02-07-00, 10:54 PM (GMT)
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7. "RE: Re-choreographing Petipa"
In response to message #5
 
   >Helen, the dramatic speeding up of
>Beethoven's 9 symphony fundamentally changes
>the music from a an
>Olympian, statement of Victorian
>grandeur to a more intimate
>statement of personsal anguish and
>then personal triumph.
>
>The change is in my view
>far greater then the re-working
>of Petipa's works!

Spooky. I just said much the same thing in my reply to Helen. At least we agree on some things, Eugene!


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jonathan

02-07-00, 10:52 PM (GMT)
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6. "RE: Re-choreographing Petipa"
In response to message #4
 
   >Equally, Petipa's own re-working of
>his solos is quite different
>from another choreographer's complete re-choreographing
>of them - they are
>still Petipa.

True. I still think that if a choreographer is happy to adapt/change a solo depending on the dancer, then that adaptability is in a sense part of the solo itself; perhaps an analogy would be the early concerto cadenzas.

>Butit is the manner of
>performance that changes, not the
>actual notes...Style, not substance.
>

I would challenge the view that "actual notes" constitutes the musical work. There is a music behind the notes which must be played too, and if that is not done, to me, you might as well alter the notes as well. In other words, I would argue that the style is part of the substance.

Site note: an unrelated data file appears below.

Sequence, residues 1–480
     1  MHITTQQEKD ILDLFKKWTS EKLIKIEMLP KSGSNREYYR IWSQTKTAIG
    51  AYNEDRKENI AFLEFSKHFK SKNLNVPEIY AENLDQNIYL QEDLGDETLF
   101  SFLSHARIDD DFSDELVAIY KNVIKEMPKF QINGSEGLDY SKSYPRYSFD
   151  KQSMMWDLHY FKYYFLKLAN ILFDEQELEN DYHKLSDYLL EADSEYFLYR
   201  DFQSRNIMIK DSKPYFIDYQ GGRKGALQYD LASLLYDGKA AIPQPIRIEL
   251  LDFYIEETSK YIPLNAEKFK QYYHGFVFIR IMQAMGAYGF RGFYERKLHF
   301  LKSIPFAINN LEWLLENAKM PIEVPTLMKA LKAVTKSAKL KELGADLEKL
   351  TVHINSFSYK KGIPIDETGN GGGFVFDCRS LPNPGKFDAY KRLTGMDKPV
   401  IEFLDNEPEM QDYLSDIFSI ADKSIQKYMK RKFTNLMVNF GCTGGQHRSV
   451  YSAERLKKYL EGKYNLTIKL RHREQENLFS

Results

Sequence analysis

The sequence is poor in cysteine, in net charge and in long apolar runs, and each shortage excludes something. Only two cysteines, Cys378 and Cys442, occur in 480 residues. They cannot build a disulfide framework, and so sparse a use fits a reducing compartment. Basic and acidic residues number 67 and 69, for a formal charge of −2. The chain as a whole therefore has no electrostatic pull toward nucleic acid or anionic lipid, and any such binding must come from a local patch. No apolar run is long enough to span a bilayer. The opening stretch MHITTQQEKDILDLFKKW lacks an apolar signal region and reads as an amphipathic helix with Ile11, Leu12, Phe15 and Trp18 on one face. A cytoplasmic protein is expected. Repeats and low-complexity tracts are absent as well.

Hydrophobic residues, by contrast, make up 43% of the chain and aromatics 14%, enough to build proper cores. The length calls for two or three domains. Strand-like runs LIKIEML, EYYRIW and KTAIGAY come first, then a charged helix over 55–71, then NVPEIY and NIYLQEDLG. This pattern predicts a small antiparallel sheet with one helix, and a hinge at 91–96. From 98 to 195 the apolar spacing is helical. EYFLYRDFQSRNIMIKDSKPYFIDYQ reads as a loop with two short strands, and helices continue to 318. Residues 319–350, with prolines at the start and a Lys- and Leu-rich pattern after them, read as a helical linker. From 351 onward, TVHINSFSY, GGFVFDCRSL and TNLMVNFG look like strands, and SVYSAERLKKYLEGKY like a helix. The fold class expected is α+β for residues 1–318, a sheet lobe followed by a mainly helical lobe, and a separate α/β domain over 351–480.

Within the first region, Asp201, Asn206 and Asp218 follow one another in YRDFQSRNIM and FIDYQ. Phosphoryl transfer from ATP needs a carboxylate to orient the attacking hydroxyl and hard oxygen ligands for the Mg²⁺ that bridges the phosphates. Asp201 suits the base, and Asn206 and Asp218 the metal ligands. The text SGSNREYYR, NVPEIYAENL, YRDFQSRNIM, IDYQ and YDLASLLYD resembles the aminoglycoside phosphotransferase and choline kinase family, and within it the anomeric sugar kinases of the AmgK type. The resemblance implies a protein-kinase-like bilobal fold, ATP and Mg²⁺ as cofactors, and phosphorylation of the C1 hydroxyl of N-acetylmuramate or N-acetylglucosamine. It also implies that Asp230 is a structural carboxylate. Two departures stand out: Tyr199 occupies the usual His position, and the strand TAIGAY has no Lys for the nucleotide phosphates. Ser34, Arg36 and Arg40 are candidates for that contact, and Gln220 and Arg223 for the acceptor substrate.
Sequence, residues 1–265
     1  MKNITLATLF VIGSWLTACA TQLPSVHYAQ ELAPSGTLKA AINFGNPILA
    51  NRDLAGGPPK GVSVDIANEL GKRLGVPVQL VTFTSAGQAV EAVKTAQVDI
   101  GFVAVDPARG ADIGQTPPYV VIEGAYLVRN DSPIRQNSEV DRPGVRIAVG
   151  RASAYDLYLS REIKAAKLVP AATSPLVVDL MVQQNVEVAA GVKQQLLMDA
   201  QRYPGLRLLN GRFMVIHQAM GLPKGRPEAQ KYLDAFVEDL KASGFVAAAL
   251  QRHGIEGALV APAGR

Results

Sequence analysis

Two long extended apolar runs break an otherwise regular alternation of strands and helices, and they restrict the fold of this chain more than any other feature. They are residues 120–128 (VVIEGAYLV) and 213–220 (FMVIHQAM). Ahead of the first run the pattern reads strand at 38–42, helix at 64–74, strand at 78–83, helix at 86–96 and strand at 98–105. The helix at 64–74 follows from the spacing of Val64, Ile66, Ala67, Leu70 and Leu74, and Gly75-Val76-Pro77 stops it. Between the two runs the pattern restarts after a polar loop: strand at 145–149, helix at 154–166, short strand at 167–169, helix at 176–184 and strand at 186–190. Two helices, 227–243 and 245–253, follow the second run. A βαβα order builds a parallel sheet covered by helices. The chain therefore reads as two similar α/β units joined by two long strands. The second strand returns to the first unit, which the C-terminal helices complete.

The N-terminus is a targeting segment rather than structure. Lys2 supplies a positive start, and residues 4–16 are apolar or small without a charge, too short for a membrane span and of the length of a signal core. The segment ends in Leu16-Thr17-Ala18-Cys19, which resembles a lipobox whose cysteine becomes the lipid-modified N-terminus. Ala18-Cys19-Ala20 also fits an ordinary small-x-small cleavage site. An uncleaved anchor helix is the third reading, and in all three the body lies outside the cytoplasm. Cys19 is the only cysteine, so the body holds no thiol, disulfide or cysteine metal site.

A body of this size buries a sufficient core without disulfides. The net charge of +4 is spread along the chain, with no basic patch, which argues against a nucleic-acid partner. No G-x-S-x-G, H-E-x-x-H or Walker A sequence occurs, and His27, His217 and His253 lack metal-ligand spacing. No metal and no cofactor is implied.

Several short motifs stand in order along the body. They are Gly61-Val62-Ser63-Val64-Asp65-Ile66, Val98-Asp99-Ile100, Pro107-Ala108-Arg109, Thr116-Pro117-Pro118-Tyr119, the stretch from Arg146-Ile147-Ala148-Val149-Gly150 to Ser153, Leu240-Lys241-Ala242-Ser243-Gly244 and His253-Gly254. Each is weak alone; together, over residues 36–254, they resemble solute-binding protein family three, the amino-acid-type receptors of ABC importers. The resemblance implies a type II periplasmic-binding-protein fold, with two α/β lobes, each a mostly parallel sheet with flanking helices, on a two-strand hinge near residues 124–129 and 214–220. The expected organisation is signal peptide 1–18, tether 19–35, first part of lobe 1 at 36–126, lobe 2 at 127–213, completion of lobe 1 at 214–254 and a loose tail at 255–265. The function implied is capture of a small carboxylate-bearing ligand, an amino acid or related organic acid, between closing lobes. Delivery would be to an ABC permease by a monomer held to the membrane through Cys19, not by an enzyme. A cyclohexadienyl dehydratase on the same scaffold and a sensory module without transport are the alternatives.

>Finally, I'm not really assuming that
>the constant changes in ballet
>are a problem - they
>can be interesting sometimes. I
>just wonder why they are
>so much more frequent in
>ballet than in other arts.

I think it's because of the question of ownership - there are so many people, techniques, disciplines etc. involved in a ballet (and before anyone says "what about opera", the fact is, you can give a concert performance of an opera, but you can't give a concert performance of a ballet) that only time will tell what element of a piece, by hypothetical substitution, constitutes the sine qua non of that work.

Sleeping Beauty is a good example - what do we call it? "Tchaikovsky's Sleeping Beauty". Millions of people have heard the score, perhaps only thousands seen the ballet.
Conversely, I suspect that many people don't know or care who composed the music for Bayadere or Paquita, but they know who choreographed it.

I posted a link to this before, but it's worth doing again. Julie van Camp's dissertation on the identity of works of art in dance (http://www.csulb.edu/~jvancamp/diss4.html#text6) and her article on copyright in dance works (http://www.csulb.edu/~jvancamp/copyrigh.html) make fascinating and informative reading on this subject.



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Helen

03-07-00, 08:44 AM (GMT)
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8. "RE: Re-choreographing Petipa"
In response to message #6
 
   Jonathan - not much time at the moment to think this through, but I couldn't agree with you more that "actual notes" don't really constitute the music. I have often said of great musicians that what they play/sing is far beyond what is on the page. But I still would argue that notes/steps are equivalent. A great singer's interpretation is a long way beyond the notes. A great dancer's interpretation is a long way beyond the steps. But the notes/steps are still there, and still the same! We are talking about interpretation. I certainly see what you mean, though.